Date With DC: Virtual Reality Edition.

Yesterday, my dear Twitter friend StarlightGeek and I met up for the first time since she moved to DC. As a fellow former Bostonian, we had met once before, but it was so nice to be exploring our new city together. Though I’ve been here for about 9 months now, I still feel very, very new here. And lately, I’ll be honest- DC had lost some of its luster. I was frustrated with the lack of medical support, and that trickled down to other aspects of DC life. I am going to be here for at least another 18 months by lease alone, so I might as well fall in love with DC again. It was one of my treatment goals for my last two days of medical leave (more on that in another blog post later).

Our original plan involved seeing if we could get Washington Monument tickets and then hitting a museum, but they were sold out and the weather was perfect for walking, so we thought we’d do monuments. Stopping for our obligatory coffee, StarlightGeek asked, “hey, do you play Ingress?” I look over at her phone. “Oh, Kelsey plays that sometimes, but not really. Why, is it fun?” She explained that you join a faction (either blue or green) and try to gain control of “portals”, which are really important sites in real life (monuments, cool art, local institutions of culture, community meeting places, etc). The thing is that you have to be within 40 meters of this important site in order to interact with it (“hacking” it allows you to find supplies, deploying resonators helped defend the portal if it is in your color, and you can also “Fire” at an enemy portal to try to make it your faction’s). StarlightGeek is a proud member of the Green faction (“The Enlightenment”), so I joined hers, only to find out later that Kelsey is a member of the Blue faction (“The Resistance”). “A House Divided” was joked by all involved.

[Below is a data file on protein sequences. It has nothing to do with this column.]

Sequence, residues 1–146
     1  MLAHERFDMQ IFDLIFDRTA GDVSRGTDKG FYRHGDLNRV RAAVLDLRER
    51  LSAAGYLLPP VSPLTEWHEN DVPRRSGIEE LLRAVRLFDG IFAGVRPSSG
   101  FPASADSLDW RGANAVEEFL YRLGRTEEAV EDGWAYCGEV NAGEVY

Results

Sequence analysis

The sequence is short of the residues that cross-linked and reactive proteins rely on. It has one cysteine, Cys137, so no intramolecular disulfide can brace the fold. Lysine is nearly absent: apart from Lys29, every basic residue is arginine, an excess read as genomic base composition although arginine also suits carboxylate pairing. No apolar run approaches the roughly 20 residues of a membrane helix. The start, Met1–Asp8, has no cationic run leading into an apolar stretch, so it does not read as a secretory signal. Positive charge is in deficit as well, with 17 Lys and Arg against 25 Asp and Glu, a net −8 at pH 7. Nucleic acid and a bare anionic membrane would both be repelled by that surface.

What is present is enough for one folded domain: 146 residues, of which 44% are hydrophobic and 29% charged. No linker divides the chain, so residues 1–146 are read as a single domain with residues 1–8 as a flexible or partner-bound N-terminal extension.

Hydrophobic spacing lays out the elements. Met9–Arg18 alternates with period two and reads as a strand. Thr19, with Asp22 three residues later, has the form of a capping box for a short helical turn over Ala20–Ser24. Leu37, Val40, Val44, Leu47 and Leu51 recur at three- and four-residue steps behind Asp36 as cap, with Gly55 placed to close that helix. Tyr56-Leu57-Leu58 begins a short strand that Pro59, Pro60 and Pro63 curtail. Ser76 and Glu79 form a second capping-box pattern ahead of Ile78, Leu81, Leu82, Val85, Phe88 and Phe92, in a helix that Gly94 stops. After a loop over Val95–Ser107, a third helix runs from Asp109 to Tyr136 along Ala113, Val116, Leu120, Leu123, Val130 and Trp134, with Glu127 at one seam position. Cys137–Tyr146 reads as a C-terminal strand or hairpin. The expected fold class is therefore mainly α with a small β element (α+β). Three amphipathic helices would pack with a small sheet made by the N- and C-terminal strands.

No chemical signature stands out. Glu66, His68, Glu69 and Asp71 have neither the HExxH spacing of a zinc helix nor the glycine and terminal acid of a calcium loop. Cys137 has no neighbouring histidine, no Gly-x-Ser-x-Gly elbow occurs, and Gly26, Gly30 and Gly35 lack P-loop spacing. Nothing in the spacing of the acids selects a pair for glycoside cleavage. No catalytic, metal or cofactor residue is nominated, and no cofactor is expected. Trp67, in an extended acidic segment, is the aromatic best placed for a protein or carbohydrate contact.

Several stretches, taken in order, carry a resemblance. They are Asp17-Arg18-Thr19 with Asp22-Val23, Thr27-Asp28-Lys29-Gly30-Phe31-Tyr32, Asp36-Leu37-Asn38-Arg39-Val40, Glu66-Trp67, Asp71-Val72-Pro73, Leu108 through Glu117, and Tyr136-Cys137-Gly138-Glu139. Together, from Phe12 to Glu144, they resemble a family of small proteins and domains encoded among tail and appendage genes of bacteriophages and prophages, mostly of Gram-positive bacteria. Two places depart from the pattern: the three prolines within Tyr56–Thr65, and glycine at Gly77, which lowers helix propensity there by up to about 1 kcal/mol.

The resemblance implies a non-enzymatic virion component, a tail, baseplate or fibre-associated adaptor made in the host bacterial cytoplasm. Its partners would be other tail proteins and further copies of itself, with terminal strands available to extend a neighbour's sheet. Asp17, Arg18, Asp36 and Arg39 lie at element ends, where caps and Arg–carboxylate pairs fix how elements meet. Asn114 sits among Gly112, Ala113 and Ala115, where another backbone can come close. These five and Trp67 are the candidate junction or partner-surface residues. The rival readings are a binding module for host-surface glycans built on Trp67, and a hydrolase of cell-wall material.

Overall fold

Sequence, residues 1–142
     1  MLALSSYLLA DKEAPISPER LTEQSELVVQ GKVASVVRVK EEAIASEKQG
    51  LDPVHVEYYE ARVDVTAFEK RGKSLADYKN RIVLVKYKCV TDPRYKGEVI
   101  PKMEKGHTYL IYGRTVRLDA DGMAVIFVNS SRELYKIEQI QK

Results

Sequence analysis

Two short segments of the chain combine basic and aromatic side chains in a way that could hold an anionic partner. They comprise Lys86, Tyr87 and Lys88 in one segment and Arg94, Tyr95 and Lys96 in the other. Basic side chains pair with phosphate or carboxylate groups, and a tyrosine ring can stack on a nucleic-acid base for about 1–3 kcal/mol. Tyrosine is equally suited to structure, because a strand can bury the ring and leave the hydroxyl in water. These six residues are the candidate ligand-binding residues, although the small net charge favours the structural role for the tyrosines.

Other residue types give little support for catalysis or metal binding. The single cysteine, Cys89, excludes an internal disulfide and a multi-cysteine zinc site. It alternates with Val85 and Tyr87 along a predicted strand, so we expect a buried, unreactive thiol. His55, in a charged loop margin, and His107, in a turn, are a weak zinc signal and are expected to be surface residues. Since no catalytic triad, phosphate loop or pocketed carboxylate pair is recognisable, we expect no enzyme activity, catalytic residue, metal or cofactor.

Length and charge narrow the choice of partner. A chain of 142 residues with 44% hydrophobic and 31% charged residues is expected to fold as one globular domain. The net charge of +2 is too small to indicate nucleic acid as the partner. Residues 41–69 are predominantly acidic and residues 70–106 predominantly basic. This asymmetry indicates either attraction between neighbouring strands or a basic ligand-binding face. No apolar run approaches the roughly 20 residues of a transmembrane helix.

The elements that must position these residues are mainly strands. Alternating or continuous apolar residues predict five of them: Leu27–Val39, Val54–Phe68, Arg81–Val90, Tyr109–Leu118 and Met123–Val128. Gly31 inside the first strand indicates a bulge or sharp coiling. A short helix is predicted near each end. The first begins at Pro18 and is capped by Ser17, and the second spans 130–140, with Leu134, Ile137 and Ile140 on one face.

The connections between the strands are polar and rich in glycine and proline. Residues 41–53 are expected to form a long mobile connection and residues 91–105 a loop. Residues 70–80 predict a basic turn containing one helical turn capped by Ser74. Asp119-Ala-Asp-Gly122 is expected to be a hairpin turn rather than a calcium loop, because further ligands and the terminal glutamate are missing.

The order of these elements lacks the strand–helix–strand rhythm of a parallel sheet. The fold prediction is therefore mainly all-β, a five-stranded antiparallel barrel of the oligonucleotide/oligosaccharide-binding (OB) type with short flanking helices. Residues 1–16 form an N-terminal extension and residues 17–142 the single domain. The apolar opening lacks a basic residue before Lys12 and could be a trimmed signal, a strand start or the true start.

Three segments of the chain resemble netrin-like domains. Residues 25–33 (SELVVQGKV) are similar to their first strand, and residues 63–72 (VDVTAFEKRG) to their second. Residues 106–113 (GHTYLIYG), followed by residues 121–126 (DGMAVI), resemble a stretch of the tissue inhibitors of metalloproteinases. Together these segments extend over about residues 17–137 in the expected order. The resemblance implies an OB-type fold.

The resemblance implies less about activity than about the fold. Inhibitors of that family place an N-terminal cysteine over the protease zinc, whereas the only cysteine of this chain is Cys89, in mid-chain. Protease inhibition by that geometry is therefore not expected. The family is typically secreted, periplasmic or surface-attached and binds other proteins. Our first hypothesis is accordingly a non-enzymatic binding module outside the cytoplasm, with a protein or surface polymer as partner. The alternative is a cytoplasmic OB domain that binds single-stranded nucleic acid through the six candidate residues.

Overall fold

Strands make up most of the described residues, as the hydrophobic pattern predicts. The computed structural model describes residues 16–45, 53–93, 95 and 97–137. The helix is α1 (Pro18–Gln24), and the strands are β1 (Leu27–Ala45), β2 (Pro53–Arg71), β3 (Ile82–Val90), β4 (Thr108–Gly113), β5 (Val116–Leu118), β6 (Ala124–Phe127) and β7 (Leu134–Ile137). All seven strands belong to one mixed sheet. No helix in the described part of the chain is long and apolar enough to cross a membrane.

{Screenshot: a map of portals in an area. There is a long stretch of blue (read: enemy) portals  around the bottom and a few green (read: correct) portals in the top left corner}.

{Screenshot: a map of portals in an area near the Dept. of Agriculture. There is a long stretch of blue (read: enemy) portals around the bottom and a few green (read: correct) portals in the top left corner}.